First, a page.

I first became interested in reading works of non-fiction when I was introduced to National Geographic by my grandad at a young age due to my obsession with wildlife. I often read his copies of the magazine when I could and later started my own subscription. Reading National Geographic and hearing my grandparents’ stories from their many travels definitely inspired me to become more interested in travelling myself to as many places far and wide as I can imagine. I also think it’s fair to say that this was also probably my earliest introduction to the world of politics outside of fiction which I have become quite passionate about in later life, going on to study Government and Politics at A Level alongside History and, naturally, English Literature. I’m also deeply interested in feminist and queer theory, that non-fiction genre that occupies most of my bookshelf today. I tend to gravitate more towards anthologies such as I Call Myself a Feminist that contain a series of essays or thought pieces from the perspective of women and gender non-conforming people from all walks of life. When looking through the Reading Sheffield site I came across the Reading Journey of Florence Cowood. Florence’s story stood out to me as, although we were born almost 80 years apart from one another, our journeys and relationship with books share some similarities. A large portion of the books she recalls reading in her childhood also happened to be favourites of mine – in her interview she mentioned Black Beauty by Anna Sewell that was one of the earliest books I remember reading to myself and thoroughly enjoying. Interestingly, she also mentioned What Katy Did, a 1872 children’s book that I only became familiar with a few weeks ago as I am currently studying a Jaqueline Wilson retelling for my Writing for Children module of my degree. Though she had lived in Sheffield for most of her life, Florence was born in Huddersfield and had close family in Leeds – two places I am very familiar with. Florence says that it was her grandfather, a headteacher living and working in my hometown of Leeds, that encouraged her to read and provided her with money for books, reminding me of my own grandparents who I have always associated with my love of reading. One difference I did note however is that though Florence and myself cite receiving books as gifts from family members as a key source of our reading materials in our youth, Florence and many of the other Reading Sheffield interviewees often talk about going to the library for books. In her interview she said “my idea of heaven, if I had to be shut anywhere, would be a library full of books,” and I found myself wholeheartedly agreeing with her, though I couldn’t for the life of me remember the last time I had read a library book for fun. Out of curiosity I asked a few of my friends when the last time they visited a public library and it transpired that that neither me nor any of my peers had checked a book out of a library for leisure in at least ten years, if not longer. Although university libraries still garner heavy footfall during term time, it seems that public libraries seem to be becoming more of a thing of the past, which in truth I find quite sad. Recently I came across a trend online where people posted the subtle and often overlooked kind things that humans do that reminds them that humanity is really not all that bad, an example that comes to mind is a TikTok user that said they loved it when people waved or smiled at babies to make them smile even if they didn’t know them, and it made me think immediately about libraries. There’s something about borrowing a book for a short time and passing it on again so a complete stranger could have an opportunity read a story and feel what you felt seems very innocent and selfless. I think especially now, when many things are needlessly mass produced and the ongoing pandemic has put a strain on many people’s sense of community, it’s easy to look back on something as simple as borrowing a library book and almost begin to feel melancholic. Though the small library in my village has been closed for quite some time now thanks to the ongoing pandemic, I was happy to discover that for several many months now a small team of people have been designing and building miniature libraries and putting them up around Leeds. They encourage people to walk to their nearest ‘little library’ to pick up a book and leave one of their own they no longer have use for in its place. There happens to be one in the middle of my village that I intend to visit, I think it’s a wonderful project that promotes sustainability and a great sense of community especially in such uncertain times. I hope to see it replicated in more places.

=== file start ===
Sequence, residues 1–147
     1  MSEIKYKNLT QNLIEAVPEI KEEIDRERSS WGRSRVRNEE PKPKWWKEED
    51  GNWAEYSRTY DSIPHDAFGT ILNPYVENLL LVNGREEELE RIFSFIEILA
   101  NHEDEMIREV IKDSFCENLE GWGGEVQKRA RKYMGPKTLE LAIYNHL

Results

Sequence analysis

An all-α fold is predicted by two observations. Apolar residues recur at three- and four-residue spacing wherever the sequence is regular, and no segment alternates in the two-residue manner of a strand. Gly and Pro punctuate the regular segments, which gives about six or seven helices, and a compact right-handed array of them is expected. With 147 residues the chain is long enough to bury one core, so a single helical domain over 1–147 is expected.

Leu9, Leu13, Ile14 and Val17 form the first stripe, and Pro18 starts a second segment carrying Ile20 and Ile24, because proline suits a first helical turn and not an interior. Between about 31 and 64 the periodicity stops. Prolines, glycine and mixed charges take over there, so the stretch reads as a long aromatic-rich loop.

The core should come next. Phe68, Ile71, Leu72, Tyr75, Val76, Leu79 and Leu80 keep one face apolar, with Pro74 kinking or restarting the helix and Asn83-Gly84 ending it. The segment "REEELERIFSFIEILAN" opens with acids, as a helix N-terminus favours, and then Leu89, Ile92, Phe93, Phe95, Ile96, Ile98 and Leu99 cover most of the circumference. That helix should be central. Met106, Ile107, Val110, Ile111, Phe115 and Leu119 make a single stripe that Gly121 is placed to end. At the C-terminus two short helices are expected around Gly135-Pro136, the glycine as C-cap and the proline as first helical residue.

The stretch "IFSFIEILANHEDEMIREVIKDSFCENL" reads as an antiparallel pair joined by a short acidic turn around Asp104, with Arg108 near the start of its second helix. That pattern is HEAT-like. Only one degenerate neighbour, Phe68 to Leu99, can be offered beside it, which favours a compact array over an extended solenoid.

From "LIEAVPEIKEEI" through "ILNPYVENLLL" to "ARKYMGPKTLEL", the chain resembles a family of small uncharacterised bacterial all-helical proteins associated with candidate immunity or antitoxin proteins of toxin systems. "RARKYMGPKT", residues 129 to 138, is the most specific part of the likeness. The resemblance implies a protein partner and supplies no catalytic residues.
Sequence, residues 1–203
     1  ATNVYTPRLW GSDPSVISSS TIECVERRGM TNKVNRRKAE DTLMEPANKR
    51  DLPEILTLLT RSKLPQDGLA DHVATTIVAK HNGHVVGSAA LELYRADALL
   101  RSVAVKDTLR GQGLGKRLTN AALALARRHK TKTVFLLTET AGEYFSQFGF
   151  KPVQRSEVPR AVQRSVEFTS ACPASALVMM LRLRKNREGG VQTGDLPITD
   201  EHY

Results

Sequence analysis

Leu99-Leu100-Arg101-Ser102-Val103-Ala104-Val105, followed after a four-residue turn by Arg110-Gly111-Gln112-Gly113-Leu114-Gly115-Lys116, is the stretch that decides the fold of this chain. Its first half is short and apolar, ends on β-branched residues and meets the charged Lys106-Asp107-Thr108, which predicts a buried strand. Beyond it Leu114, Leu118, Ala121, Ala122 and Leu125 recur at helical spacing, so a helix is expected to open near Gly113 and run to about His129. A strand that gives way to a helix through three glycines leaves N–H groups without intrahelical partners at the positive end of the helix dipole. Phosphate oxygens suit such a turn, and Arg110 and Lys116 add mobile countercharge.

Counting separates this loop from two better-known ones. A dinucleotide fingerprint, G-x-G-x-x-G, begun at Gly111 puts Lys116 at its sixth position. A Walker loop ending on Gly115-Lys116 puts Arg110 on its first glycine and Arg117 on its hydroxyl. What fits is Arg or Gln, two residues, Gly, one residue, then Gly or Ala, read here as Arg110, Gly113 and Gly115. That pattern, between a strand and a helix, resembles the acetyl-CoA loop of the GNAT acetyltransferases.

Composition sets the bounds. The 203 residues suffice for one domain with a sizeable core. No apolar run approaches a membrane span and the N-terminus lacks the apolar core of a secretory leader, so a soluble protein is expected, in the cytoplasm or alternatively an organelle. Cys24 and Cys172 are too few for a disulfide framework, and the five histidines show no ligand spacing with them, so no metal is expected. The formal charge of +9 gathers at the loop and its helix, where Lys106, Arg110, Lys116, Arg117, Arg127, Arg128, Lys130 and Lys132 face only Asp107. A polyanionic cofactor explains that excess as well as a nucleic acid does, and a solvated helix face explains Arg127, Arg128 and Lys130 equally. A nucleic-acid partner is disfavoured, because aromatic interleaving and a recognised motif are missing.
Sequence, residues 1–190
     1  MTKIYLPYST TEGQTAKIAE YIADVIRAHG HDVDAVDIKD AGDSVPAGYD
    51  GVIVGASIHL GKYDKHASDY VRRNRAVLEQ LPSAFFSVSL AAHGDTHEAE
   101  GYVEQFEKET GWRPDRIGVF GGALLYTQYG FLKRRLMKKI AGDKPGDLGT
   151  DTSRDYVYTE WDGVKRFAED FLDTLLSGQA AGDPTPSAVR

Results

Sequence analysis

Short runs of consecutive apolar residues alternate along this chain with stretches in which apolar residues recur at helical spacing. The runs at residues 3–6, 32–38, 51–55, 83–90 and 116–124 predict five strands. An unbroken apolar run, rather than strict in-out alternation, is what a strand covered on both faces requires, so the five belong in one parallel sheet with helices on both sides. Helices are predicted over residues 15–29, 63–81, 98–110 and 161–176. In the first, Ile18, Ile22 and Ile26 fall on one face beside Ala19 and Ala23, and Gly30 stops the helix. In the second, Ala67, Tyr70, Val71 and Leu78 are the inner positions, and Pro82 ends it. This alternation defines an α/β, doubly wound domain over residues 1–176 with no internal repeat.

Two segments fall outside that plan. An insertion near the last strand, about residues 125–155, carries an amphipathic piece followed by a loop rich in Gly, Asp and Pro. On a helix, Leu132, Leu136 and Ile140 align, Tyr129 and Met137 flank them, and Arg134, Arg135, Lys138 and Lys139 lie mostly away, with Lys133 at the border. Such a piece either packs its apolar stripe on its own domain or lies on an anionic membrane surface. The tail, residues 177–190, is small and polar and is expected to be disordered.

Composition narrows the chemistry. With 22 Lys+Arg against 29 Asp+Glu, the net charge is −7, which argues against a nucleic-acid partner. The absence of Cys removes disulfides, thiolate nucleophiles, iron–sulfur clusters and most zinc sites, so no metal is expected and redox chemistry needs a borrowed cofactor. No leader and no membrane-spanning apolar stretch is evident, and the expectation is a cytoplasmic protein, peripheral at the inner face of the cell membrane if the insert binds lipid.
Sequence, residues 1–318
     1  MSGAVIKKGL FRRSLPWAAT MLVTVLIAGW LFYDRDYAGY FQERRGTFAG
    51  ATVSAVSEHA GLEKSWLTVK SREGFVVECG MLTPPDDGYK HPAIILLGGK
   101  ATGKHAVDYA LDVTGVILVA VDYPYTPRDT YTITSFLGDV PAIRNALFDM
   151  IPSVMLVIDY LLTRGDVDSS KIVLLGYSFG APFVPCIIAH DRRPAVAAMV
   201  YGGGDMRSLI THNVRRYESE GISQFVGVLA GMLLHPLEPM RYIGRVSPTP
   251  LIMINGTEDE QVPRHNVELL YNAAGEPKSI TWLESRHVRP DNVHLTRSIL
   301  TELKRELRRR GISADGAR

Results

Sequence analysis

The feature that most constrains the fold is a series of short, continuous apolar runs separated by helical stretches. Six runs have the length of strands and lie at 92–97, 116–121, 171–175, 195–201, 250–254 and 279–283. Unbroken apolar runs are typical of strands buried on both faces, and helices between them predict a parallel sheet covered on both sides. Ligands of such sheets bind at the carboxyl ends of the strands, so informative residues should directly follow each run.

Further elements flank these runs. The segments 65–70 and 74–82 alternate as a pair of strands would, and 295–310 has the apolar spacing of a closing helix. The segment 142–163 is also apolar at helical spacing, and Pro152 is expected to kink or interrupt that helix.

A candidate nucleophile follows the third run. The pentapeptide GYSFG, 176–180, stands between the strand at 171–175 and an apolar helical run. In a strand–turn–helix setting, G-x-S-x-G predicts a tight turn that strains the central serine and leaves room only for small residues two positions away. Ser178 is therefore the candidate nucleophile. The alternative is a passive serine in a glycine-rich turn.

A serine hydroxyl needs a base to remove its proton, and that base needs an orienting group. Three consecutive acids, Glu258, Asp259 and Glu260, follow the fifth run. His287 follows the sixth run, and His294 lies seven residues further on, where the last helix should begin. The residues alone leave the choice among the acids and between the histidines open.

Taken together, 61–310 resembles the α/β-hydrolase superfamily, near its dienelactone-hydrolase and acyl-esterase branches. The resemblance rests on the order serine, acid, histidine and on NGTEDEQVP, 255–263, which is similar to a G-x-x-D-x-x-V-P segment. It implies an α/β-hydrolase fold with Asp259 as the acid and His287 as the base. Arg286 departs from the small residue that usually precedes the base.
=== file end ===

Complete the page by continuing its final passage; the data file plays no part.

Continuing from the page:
Popular fiction: Georgette Heyer